Thomas Jefferson Papers
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Thomas Jefferson to George Jefferson, 11 March 1811

To George Jefferson

Monticello Mar. 11. 11

Dear Sir

I have reserved specially for yourself the following observations. the proposition of mr Gibson’s going to Lisbon in your stead even for a time, should not be made. nobody respects mr Gibson more than I do, nor is better-satisfied that he would, under all situations, do what is right. but the temper of this country towards England is at this time very high. the Senate are always averse to the appointment of a foreigner, and in a few instances only, & under particular circumstances have been induced to approve of them. were mr Gibson to go to Lisbon, as you suggest, it would be imputed to the President as a piece of finesse to get an Englishman into the office by stealth & without the consent of the Senate. nor would the character with which mr Gibson would be invested, protect him against the French should they get possession of Lisbon as is very possible. they would certainly consider and treat him as an Englishman. you will judge whether it will be necessary to communicate these views of the subject to mr Gibson, or whether it can be done without hurting his feelings, to which I would be far from being willing to become instrumental, holding him in sincere respect and esteem. to yourself the same sentiments are always due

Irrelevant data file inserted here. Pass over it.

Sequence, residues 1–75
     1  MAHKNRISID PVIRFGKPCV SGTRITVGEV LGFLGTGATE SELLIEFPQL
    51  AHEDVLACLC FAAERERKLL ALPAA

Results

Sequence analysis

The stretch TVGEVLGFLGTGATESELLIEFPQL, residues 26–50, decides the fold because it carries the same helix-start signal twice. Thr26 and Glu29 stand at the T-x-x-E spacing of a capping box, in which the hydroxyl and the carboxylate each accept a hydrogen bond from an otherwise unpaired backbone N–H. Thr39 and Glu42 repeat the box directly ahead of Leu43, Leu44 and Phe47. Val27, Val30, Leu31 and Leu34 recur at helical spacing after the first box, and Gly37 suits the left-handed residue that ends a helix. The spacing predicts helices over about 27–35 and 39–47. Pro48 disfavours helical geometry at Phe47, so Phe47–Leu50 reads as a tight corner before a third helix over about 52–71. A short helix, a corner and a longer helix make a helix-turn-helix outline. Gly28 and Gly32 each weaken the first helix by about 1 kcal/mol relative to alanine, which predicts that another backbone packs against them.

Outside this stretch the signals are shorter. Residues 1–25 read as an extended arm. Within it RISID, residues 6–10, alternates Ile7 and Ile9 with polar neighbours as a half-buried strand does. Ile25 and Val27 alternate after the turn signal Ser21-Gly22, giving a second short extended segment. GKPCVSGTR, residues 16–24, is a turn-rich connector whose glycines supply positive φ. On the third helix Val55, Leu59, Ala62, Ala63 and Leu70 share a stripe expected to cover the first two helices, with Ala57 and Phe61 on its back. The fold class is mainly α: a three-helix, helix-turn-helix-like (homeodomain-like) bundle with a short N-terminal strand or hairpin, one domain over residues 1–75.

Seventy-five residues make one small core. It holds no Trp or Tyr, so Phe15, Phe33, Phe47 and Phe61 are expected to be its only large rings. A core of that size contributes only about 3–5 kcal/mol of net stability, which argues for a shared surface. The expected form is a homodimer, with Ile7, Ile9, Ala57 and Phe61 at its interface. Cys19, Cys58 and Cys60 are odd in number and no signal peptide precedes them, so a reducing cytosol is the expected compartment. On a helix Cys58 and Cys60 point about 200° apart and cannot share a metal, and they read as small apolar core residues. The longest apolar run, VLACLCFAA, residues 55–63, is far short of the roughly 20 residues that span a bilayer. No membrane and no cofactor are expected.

Th: Jefferson

PoC (Mrs. T. Wilber Chelf, Mrs. Virginius Dabney, and Mrs. Alexander W. Parker, Richmond, 1944; photocopy at ViU: TJP); at foot of text: “Mr Jefferson.”

Index Entries

  • Congress, U.S.; anti-British sentiment in search
  • Gibson, Patrick; as temporary consul to Lisbon search
  • Jefferson, George (TJ’s cousin); and consulship at Lisbon search
  • Jefferson, George (TJ’s cousin); letters to search
  • Lisbon; and P. Gibson search
  • Madison, James; and appointments search
  • Senate, U.S.; and appointment of foreigners search